We've talked birth specifics with two of the three docs now, and this week the second one confirmed what the first told me months ago: they prefer Baby B to be breech, because it gives them a chance to speed up the birth process. "We just reach in and grab his feet," she told me blithely.
(This doctor, who's the friend of my friend and the reason I came to the practice, is the only one I hadn't met yet. I think she might turn out to be my favorite. I'll call her Dr. Cheerful Calm because that's what she is: more personable than Dr. Friendly Nerdy, less frenzied than Dr. Happy Chatty. But I really like them all!)
Dr. Cheerful Calm ended up telling us - as if she were discussing a day on the golf course - a story about this time when a breech baby B had one of his legs up in the right corner of the uterus, and Dr. H.C. couldn't reach it because she's left-handed, so Dr. C.C. elbowed her out of the way and managed to reach the other leg with her right hand. "We got that baby out!" she said, with the same sunny triumph you might use to describe a hole-in-one.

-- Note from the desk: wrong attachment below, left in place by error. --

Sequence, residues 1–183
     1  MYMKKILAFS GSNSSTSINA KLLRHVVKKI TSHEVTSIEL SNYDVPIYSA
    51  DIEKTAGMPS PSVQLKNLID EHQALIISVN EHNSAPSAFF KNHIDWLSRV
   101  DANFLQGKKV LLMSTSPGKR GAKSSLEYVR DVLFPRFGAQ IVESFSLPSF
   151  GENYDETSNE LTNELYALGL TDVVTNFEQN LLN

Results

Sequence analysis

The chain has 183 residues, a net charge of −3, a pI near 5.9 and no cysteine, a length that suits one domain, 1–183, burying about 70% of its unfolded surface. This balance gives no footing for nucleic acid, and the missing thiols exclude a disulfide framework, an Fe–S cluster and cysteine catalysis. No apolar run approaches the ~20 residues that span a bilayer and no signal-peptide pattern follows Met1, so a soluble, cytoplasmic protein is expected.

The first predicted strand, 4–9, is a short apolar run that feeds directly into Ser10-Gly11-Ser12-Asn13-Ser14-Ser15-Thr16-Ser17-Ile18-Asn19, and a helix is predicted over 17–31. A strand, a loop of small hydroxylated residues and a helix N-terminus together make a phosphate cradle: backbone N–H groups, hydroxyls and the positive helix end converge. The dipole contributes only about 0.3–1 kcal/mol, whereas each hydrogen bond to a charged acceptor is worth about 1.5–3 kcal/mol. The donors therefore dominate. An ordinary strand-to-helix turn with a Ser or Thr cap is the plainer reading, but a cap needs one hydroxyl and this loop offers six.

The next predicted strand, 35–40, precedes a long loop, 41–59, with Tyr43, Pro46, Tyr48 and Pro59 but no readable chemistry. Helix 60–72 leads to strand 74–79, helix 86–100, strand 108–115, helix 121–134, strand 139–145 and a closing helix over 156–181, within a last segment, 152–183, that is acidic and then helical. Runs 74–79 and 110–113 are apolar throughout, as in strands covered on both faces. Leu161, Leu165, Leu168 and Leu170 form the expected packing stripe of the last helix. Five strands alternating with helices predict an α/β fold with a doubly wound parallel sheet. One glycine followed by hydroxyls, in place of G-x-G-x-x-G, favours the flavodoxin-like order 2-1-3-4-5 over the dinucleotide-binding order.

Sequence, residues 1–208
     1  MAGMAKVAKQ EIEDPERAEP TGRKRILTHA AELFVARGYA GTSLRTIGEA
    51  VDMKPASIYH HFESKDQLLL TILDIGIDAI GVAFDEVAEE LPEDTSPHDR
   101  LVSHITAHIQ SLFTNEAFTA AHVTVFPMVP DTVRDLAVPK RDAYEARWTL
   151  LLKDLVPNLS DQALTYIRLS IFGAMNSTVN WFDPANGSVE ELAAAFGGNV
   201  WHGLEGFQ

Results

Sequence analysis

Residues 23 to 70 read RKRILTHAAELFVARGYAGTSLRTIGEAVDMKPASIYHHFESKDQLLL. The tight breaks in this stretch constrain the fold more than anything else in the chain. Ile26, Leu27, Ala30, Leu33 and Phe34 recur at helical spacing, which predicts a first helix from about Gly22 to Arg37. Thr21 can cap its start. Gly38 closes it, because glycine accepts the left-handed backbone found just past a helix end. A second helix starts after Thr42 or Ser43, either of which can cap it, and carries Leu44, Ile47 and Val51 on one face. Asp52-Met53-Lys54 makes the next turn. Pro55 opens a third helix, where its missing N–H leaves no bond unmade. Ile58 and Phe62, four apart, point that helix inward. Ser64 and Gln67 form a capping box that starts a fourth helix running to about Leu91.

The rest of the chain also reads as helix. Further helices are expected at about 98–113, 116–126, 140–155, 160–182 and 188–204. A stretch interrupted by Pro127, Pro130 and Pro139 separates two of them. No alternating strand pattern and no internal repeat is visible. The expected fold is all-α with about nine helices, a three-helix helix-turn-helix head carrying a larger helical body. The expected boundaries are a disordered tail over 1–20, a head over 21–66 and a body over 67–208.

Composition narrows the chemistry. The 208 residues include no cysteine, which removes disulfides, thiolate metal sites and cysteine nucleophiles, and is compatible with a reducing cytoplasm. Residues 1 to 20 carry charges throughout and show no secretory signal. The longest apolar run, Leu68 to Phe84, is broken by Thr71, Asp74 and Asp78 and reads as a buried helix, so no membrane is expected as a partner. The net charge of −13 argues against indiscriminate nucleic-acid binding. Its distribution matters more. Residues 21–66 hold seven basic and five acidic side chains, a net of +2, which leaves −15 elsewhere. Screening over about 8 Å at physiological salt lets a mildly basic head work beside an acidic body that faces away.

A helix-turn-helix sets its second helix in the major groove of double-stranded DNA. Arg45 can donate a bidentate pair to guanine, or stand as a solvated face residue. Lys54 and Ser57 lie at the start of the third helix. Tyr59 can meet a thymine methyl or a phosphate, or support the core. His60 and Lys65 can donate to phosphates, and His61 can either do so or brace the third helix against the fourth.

I wasn't sure how I'd like having specialists for my primary care, but I think I've mentioned before how reassuring it is to be their easy, healthy patient. And another thing I am loving is how relaxed the doctors are about multiples birth. It could go the other way - and I've heard that the other MFM practice in town is very c-section-happy - but these docs seem very comfortable with twins and vaginal delivery. I'm happy that I'll have someone with experience at the helm when I'm doing something so unfamiliar to me.